Labour has several theories as to why it lost the election, some of which are mutually exclusive. Here are just a few:
- The strongly negative electoral appeal of Ed Miliband
- The deliberate failure to engage voters beyond Labour’s core support
- Threatening tax rises on modest earners
- Invading Iraq
- Voting against invading Syria
- Economic mismanagement while in government, including: ramping up the national debt while in office, failing to acknowledge their part in this, promising to do it again
- Not being left-wing enough
- Being too left-wing
- Being anti-business
- Being austerity-lite
- Being anti-austerity
- Being too close to the unions
- Being seen as able to let the SNP into government
- Being soft on immigration
- Having a mug promising ‘controls on immigration’
- Sneering at English pride
- Harriet Harman and her pink bus
Of these the strongest was Labour’s responsibility for the recession that accompanied the 2008 financial crisis and the fact that Labour was running a deficit even in economically beneficial times. The latter is summed up by the accusation that it did not ‘fix the roof while the sun was shining’.
Labour also forgot to talk about the deficit, literally. Ed Miliband decided to speak without notes at his final party conference as leader to convince the British people to vote for him because of his allegedly prodigious memory. Instead he had a bacon sandwich moment of the brain.Labour also refused to apologise or take any responsibility for the impact of the 2008 global financial crisis on the UK, even when its leaders were directly challenged to do so.
This killed them in the polls in England.Instead of owning up to the past, Labour’s leadership candidates have decided to use the Big Lie, well actually two of them. There is historical evidence that Big Lies work and has worked very well indeed for other socialist parties.
The first Big Lie is that ‘Labour was not responsible for the global financial crisis’, so they should not have to apologise. This is Labour’s standard response to the economic disaster that our grandchildren will be paying for thanks to typical socialist incompetence.
The second Big Lie is that if running a deficit meant paying for free education and health care, then so be it, Labour is proud of their deficit spending, not ashamed. The ends justify the means. More typical socialism.
To start with the first Big Lie, No-one is actually accusing Labour of being responsible for the global financial crisis, and they never have. Labour uses this defence as a stock response to any mention of Gordon Brown’s record as Chancellor or Prime Minister. This is classic political misdirection.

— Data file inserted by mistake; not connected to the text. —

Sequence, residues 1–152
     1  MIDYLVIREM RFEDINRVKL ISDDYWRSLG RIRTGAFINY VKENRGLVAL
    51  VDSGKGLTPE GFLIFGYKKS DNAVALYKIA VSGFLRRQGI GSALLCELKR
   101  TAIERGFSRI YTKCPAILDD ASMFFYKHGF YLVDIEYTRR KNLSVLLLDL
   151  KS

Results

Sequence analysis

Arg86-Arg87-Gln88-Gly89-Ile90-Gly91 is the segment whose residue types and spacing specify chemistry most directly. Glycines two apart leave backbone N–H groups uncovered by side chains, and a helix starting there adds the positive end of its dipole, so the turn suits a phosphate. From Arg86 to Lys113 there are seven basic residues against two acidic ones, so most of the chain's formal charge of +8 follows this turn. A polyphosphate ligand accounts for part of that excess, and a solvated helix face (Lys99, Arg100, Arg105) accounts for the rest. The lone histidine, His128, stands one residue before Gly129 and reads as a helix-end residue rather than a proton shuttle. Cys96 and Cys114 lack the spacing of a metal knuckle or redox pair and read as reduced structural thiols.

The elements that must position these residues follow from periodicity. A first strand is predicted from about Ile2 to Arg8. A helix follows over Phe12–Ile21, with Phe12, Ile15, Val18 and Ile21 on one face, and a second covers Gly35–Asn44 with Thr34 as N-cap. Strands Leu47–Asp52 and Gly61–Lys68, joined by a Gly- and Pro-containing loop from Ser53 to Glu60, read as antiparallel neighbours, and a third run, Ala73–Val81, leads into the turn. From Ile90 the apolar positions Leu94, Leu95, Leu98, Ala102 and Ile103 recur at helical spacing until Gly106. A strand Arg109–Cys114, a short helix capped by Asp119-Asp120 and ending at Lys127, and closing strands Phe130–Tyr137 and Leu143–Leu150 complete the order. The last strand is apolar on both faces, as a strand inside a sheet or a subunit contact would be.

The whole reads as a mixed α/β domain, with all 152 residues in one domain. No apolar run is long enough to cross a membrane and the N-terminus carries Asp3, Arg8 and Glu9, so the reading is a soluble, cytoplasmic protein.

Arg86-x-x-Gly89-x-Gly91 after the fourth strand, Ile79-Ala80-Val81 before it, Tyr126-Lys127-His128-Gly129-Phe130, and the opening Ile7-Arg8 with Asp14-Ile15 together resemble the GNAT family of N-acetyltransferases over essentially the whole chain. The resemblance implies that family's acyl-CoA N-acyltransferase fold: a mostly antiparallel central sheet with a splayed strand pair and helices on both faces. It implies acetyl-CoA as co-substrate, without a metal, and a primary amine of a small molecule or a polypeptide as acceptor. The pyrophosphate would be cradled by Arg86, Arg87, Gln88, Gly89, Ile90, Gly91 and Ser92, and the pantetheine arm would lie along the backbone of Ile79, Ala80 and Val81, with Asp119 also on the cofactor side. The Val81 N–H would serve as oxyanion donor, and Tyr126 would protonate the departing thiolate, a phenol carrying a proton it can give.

Labour is, however, directly and completely responsible for the British financial crisis, as it was the Government of the United Kingdom at the time and had been for eleven years before the crisis hit. Although we are a top 5 global economy, Britain having a financial meltdown will obviously not cause businesses to fail in Baltimore or Beijing. However the fall of Lehman Brothers in the USA triggered the serial collapse of the UK banking sector, and this was on Labour’s watch.
People are not actually blaming Labour for SS Great Britain for hitting an American iceberg. However Labour is responsible for not having enough lifeboats for all of the people and for failing to ensure that the economy was watertight when gashed below the waterline.
Labour is directly responsible for incompetent regulation of the banks that failed en masse through its creation of a weak regulator in the form of the Financial Services Authority that allowed itself to be staffed with the bankers it was meant to regulate. Now Labour blames these bankers but is conveniently ignoring its own part in the disaster. Gordon Brown was meant to be overseeing the bankers, not the other way round.
This would not have matter had it not been for Labour’s economic policy using the financial services sector as the cash cow for their spending plans and there being no contingency should the sector catch a cold. The ‘Iron Chancellor’ was also running a deficit during the boom years caused by weak regulation. Even Chile under the socialist hate-figure General Pinochet had a stabilisation fund built up in the good times. Britain under Labour had no choice but to increase the national debt in the both the good and lean years. The economic devastation to Britain, its people and unborn generations is equivalent to that of a major war. We have been weakened as a country.
The incompetent regulation of the banks introduced by Labour under Brown saw Royal Bank of Scotland having a CEO and Chairman, who had no banking qualifications, over-expanding the bank with catastrophic takeovers until it ran out of money to operate properly. It also saw James Crosby, the CEO of HBOS, firing his board-level risk manager and adding a number of dodgy borrowers to its loan book until it had an unmanageable loan impairment rate.
This under-regulated mismanagement was so ridiculous to me that, before Crosby was stripped of his knighthood, I made a computer-animated cartoon about it. The regulator also backed away from prosecuting bankers for accounting misstatements at Northern Rock, instead opting for a fine and a ban. I made a cartoon of this nonsense as well.Gordon Brown made specific pledges for an ‘end to boom and bust’.
He unashamedly broke these and then blamed foreigners for the fine mess he had gotten us into and expected to be re-elected. Labour, for some reason, do not expect to be punished at the polls for this bogus promise.Portrayed as the ‘Iron Chancellor’ by his propagandists, Brown’s economic policies floated on taxes raised on the criminally negligent profit-seeking of the banks because Brown could not tell the differences between laissez-faire, light-touch regulation and regulatory capture.